Deep into the third hour of testimony in federal bankruptcy court by Dr. Richard Sackler, a former president and co-chair of the board of directors of Purdue Pharma, a prescription opioid manufacturer founded by relatives of Sackler, asked a lawyer a series of questions:
“Do you have any responsibility for the opioid crisis in the United States?”
“No,” replied Dr. Sackler, 76, feeble.
“Does the Sackler Family Have Any Responsibility for the Opioid Crisis in the United States?”
“Does Purdue Pharma Have Any Responsibility for the Opioid Crisis in the United States?”
dr. Sackler, arguably the most famous among billionaire Sacklers, who for nearly 20 years was the family member most prominently in the company’s rollout of its signature prescription pain reliever, OxyContin, appeared on a rare, lengthy video conference Wednesday. before a judge who presided over the hearing for a plan that would restructure Purdue and settle all lawsuits against the company and family members for their roles in the opioid epidemic.
It is believed to be the first time Dr. Sackler answered questions in an open courtroom about the family’s opioid trade. As with a comprehensive statement he made to Kentucky attorneys in 2015, Dr. Sackler gives his legal team a testimony that was largely filled with vague or absent memories, succinct statements, and distractions.
His voice was often barely audible, he apologized for having laryngitis and seemed to occasionally fiddle with the technology, presenting annoying challenges in volume level and in opening documents emailed to him as he testified.
Nevertheless, while he offered no new insights into what is already known about the roles of Sackler’s family members in the company, his appearance stood out for what he refused to acknowledge.
dr. Sackler was summoned to appear for questioning by attorneys from states opposed to the plan, in part because they believe that in exchange for paying $4.5 billion, the Sacklers will receive legal protections that are too broad.
In a biting back and forth, Dr. Sackler that he didn’t know how many Americans had died from OxyContin. “You didn’t feel it necessary in your role as chairman or president of an opioid company to determine how many people had died as a result of using that product?” asked Brian Edmunds, an assistant attorney general of Maryland.
“To the best of my knowledge, that data is not available,” replied Dr. sackler.
dr. Sackler – who trained as an internist but pursued a career as a pharmaceutical director for the Stamford, Conn. established company, originally partly overseen by his father, Dr. Raymond Sackler – Known for throwing himself into Purdue’s operations. In a testimony on Wednesday, Dr. Sackler that he along with a Purdue representative drove on phone calls to doctors to increase sales. The sales force eventually came to focus on doctors who tended to prescribe higher doses, said Dr. sackler. He acknowledged that a higher dose of opioids could lead to more profit for the company.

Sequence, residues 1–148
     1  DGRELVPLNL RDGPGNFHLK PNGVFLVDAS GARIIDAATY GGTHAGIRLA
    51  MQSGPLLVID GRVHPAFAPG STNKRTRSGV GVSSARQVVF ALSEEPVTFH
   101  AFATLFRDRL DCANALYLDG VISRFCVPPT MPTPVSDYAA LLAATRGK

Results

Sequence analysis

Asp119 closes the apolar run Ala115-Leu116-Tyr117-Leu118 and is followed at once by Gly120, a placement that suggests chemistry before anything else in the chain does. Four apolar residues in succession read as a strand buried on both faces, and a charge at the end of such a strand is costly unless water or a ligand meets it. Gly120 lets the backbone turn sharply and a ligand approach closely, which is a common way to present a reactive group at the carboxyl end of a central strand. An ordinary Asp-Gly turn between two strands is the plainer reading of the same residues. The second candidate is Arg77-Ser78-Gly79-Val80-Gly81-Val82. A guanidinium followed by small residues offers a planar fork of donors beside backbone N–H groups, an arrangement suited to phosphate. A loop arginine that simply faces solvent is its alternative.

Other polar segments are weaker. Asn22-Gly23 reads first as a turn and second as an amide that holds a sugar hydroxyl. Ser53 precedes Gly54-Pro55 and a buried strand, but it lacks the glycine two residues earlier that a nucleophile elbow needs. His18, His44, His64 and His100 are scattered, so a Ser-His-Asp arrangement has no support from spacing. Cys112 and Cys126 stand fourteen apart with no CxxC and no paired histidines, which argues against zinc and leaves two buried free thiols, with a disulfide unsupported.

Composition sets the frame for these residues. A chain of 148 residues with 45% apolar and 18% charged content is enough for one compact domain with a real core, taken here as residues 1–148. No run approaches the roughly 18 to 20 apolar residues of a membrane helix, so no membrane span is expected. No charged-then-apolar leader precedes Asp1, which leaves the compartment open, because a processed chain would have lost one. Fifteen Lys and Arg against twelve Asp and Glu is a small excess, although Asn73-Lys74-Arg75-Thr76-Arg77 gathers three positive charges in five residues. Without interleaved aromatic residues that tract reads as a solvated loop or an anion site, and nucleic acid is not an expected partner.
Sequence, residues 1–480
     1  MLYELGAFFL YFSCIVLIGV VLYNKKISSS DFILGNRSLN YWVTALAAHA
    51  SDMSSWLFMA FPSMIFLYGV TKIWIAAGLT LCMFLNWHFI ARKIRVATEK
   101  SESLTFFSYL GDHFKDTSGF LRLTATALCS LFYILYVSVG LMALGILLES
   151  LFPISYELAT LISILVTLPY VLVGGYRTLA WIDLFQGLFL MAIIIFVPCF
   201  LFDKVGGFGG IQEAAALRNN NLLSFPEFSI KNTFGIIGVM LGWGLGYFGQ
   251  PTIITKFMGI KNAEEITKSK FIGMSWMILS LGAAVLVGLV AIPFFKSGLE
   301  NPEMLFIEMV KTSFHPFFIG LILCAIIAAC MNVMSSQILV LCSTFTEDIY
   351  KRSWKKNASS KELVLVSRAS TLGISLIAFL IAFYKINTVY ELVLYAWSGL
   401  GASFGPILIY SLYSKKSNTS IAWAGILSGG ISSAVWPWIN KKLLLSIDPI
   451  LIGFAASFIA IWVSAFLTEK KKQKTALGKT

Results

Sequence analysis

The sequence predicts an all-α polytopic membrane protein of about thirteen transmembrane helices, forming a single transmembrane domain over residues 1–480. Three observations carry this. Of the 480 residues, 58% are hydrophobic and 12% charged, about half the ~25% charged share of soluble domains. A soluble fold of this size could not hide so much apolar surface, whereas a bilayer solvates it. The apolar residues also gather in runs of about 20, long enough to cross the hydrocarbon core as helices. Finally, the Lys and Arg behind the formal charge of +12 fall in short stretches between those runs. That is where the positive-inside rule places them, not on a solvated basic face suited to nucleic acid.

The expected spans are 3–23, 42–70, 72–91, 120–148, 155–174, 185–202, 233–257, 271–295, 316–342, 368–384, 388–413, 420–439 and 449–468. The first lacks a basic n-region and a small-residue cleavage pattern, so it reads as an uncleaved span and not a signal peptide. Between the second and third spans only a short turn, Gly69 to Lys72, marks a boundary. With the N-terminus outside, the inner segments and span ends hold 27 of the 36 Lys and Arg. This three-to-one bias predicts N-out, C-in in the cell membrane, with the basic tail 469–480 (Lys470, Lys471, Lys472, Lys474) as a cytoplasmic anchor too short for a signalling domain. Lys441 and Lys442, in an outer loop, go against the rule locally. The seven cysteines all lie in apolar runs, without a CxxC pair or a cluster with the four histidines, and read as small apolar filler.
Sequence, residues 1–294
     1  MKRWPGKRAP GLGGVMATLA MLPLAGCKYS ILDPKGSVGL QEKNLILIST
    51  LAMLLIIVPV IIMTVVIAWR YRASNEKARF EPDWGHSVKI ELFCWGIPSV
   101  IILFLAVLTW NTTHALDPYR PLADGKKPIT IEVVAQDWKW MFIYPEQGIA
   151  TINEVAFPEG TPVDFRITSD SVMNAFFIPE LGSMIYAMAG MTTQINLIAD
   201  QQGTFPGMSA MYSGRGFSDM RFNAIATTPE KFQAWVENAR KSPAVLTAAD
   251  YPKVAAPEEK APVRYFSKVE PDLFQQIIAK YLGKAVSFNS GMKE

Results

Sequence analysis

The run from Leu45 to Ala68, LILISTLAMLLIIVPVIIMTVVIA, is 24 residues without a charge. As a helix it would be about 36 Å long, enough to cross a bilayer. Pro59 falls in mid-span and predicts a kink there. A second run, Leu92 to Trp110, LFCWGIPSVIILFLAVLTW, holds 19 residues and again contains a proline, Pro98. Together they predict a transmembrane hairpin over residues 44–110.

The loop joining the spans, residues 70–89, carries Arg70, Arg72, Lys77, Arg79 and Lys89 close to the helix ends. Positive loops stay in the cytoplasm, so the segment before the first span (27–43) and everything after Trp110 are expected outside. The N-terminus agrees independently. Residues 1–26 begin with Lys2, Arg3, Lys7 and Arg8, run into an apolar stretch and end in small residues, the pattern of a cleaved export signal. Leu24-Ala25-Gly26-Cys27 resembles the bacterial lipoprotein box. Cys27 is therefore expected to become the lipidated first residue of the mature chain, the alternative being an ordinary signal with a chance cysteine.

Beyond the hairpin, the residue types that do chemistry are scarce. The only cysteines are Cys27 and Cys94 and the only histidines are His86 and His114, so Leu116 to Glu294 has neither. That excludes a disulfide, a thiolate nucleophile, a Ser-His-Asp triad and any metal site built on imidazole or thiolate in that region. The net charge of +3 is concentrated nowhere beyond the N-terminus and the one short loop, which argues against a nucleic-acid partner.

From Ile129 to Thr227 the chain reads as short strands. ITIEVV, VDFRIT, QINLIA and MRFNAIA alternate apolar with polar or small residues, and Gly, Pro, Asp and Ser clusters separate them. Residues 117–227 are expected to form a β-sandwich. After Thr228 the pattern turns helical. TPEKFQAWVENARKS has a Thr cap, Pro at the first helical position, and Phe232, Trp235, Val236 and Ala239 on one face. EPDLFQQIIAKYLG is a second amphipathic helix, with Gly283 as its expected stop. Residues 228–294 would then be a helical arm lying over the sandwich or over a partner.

During his tenure, Purdue twice pleaded guilty to federal criminal charges related to marketing and sales of OxyContin and struck a deal for a settlement with Kentucky.
Lawsuits against the Sacklers and Purdue have cited numerous emails written by Dr. Sackler, including one from 2001, cited in a Massachusetts complaint. “We must hammer at abusers in every possible way,” he wrote. “They are the culprits and the problem. They are reckless criminals.”
In 2019, the Sackler family contributed $75 million to Oklahoma as part of a larger settlement between the state and Purdue. In that case, as in a 2020 federal civil settlement with the Sacklers, family members did not admit wrongdoing.
“I can’t count all the settlements,” said Dr. sackler. “There were many settlements, both private and public.”
The attorneys from Maryland, Washington State, and Connecticut apparently tried to take such shards out and put them back together, arguing that the Sacklers were deeply involved in Purdue’s cases.
The settlement agreement negotiated by Purdue and the Sacklers with states, tribes, local governments and other plaintiffs would not only settle the lawsuits, but also grant the company immunity from future civil legal claims, a condition usually granted to companies arising from a restructuring of bankruptcies.
But this plan would also give a similar shield to the Sacklers, who have not filed for bankruptcy. The issue of such extensive legal protections for the Sacklers is what has caused many of the remaining objections to the plan.
If the plan is upheld by Judge Robert Drain of the US Bankruptcy Court for the Southern District of New York in White Plains, as expected, the Sacklers cannot be pursued by those who object to the plan, let alone any prospective litigants. for any Purdue related matters.
And that ban isn’t just limited to opioid-related cases. Benjamin Higgins, an attorney for the US Trustee Program, a division of the Department of Justice that tracks bankruptcies, noted that Purdue, for example, had introduced a long-acting stimulant drug in recent years to address symptoms of attention deficit disorder/hyperactivity, and that if there are lawsuits would be considered in connection with that drug, the Sacklers would also be immunized against it.
dr. Sackler said he was not very familiar with the details of the extensive lawsuit releases that are at the heart of Purdue’s bankruptcy plan.
“It’s an extremely dense document,” said Dr. sackler. “I read a few pages and realized it would take me a lot of time.”
Under the complex structure of Sackler’s payments to a national opioid control trust, the contributions will be funded in part by what is expected to be sales from the family’s various pharmaceutical companies worldwide.
“Will you personally contribute some of your equity to the settlement payments over the next nine or ten years?” dr. Sackler was asked.
“I don’t know,” he replied. “I don’t believe that has been decided yet.”